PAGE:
My armorer actually REFUSED to issue CLP before we left Kuwait for Iraq. He said to keep the weapons dry, and not use anything but a bore-punch and an AP brush.

This worked for most of the T/O weapons, but the (non-militec users) crew-served weapons experienced several malfunctions. Many AAV gunners did not even employ their MK19, and relied solely on their M2 .50 cal.

All weapons in my section (t/o and crew-served), and most in my platoon, relied on Militec to function. We were able to employ all crew-served weapons effectively, and the HEDP fired from the MK19 was especially effective at destroying large quantities of dug-in enemy.

Allow me just one example- Al Kut, Iraq- (Southern Bank of the Tigris River, at a key intersection of two roads and a bridge): Under heavy small arms and RPG fire, I employed (direct fire) three short bursts (5-6rds) of MK19 into the front windows of a large enemy compound. Not only did the firing from that compound cease immediately, but it burst into flame shortly after. Had we only relied on our M2 .50 cals, our casualties and vehicle damage would have been much worse.

I know the value of using good gear, and I know good gear like Militec when I see it. Without a doubt, using Militec in Iraq saved my life and the lives of several other Marines. I'll tell that to anybody who will listen to me, and hopefully my chain of command will too.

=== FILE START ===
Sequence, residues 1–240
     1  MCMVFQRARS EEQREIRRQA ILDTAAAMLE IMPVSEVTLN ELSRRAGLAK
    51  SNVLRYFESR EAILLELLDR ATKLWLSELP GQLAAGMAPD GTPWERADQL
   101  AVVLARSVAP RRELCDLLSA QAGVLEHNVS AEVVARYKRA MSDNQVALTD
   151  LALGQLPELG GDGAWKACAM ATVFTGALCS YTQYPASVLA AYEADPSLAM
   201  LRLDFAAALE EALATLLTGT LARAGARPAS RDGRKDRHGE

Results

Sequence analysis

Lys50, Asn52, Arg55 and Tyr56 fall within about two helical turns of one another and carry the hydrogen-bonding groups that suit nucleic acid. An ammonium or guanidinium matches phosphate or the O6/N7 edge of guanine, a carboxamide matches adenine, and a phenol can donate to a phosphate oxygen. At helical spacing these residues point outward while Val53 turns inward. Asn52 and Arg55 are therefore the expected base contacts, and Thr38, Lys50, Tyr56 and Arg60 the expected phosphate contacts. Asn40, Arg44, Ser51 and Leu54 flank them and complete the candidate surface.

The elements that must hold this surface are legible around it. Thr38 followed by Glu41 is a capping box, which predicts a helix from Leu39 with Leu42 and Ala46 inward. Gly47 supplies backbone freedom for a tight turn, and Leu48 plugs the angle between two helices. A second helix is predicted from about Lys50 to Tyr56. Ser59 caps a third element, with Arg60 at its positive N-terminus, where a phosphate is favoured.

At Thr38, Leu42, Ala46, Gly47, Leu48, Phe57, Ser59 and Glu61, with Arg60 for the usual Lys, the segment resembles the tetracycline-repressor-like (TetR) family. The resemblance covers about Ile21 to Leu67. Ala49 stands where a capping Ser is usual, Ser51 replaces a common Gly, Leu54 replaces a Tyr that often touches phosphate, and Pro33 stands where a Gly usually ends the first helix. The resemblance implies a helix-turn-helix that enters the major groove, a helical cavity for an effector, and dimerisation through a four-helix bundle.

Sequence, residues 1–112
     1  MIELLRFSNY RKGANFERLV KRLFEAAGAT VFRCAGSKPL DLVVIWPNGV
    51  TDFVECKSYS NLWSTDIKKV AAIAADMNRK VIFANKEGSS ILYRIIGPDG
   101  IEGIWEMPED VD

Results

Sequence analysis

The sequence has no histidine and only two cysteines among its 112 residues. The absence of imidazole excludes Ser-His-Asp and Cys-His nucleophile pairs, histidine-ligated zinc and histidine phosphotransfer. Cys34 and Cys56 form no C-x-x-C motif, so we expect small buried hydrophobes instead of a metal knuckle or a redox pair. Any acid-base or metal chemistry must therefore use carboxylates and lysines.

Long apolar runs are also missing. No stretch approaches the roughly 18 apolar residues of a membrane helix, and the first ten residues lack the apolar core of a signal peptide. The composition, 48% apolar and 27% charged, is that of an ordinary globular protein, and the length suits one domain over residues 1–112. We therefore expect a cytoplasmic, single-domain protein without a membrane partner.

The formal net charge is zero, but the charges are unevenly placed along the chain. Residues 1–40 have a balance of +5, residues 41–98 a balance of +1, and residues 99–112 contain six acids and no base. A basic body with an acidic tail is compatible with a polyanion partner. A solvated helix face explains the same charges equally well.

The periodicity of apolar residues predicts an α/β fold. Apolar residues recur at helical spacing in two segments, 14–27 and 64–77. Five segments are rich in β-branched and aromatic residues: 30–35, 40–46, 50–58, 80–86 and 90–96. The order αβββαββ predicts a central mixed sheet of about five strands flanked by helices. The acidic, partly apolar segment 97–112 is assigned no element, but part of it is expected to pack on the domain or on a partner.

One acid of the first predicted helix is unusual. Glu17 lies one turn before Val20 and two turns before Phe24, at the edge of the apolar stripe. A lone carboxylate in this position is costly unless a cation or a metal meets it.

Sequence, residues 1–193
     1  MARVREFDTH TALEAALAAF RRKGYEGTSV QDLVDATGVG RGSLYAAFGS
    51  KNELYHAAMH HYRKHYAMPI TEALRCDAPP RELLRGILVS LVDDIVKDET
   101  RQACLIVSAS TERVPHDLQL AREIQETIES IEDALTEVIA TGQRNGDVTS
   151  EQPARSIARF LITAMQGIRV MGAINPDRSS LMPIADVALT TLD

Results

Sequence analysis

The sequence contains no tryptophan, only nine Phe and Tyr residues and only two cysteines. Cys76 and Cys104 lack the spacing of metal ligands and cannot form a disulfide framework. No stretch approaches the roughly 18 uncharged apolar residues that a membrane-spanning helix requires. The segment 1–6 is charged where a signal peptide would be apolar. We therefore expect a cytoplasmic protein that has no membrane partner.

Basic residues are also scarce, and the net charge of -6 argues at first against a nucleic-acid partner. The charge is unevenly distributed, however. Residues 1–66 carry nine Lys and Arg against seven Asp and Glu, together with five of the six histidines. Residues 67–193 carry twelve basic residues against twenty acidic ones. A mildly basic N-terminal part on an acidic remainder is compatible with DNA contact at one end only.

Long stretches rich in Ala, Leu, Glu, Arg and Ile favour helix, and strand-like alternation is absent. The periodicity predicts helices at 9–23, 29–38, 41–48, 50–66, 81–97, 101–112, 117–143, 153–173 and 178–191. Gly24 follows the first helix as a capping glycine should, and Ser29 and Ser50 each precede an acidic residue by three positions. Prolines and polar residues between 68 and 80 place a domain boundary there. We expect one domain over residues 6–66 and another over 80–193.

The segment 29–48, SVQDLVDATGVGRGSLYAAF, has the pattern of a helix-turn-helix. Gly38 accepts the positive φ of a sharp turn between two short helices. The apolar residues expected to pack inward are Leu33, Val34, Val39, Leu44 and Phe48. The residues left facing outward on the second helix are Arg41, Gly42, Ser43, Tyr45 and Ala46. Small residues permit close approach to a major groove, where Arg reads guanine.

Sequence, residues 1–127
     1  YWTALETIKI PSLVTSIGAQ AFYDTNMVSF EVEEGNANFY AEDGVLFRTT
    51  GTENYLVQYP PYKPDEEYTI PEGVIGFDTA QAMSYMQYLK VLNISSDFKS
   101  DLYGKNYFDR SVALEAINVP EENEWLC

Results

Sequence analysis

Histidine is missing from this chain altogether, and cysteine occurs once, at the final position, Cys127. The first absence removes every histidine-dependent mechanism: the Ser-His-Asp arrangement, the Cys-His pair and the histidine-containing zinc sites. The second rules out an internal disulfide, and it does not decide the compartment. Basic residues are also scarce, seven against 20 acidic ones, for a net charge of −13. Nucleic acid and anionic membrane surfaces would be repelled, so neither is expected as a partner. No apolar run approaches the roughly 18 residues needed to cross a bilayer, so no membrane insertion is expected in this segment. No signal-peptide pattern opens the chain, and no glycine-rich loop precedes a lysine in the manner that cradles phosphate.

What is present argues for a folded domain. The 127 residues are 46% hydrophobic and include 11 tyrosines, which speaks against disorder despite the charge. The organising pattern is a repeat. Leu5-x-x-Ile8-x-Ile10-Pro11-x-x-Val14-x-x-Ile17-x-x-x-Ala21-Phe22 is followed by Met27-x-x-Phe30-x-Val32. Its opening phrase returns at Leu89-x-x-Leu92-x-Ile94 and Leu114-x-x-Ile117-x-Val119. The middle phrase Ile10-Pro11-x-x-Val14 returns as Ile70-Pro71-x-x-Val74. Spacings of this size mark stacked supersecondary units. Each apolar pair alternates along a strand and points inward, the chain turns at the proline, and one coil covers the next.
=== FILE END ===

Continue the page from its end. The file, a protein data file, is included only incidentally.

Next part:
Regards,
XXX
(Cpl. XXX X. XXX, Jr., USMC)

July 21, 2003

Dear Rich
My dad was a marine, WWII, Guadalcanal. He was a squad leader and made E6, pretty good for those times. He even told me before I went to viet nam to use regular oil on all weapons, as the issue stuff did not work, even back then. Some Marines back then used cooking lard or cooking oil.

I have never used CLP, it does not seem to work anywhere. As a mech company commander in Germany with the 1-36 INF, we used motor oil, in vietnam we used LSA, only thing we had, and years later as a tank battalion commander, used motor oil again......CLP, just does not work, and for the life of me, I cannot figure out why the govt is so insistent about it, other than some son of a bitch is making a buck, and you and I have been in harm's way needlessly.

You just keep doing what you need to do to get the mission done and keep the Marines, including yourself, alive. If you must, grab the LT's weapon and lube it with MILITEC so he does not get shot and you have to train a new LT.
I know how hard that is.

We got the best training and weapons, and ammo anywhere, but our weapons lube sucks. All of us gotta fix this and if it takes the press to do it, so what.

I am glad I am an old colonel and retired because I can call folks and make a fuss like I could not do on active duty. And I am doing that now.

You keep on killing the enemy, I will keep training troops in Kuwait for Iraq. together we will conquer this lube problem. Deal???

semper fi

XXX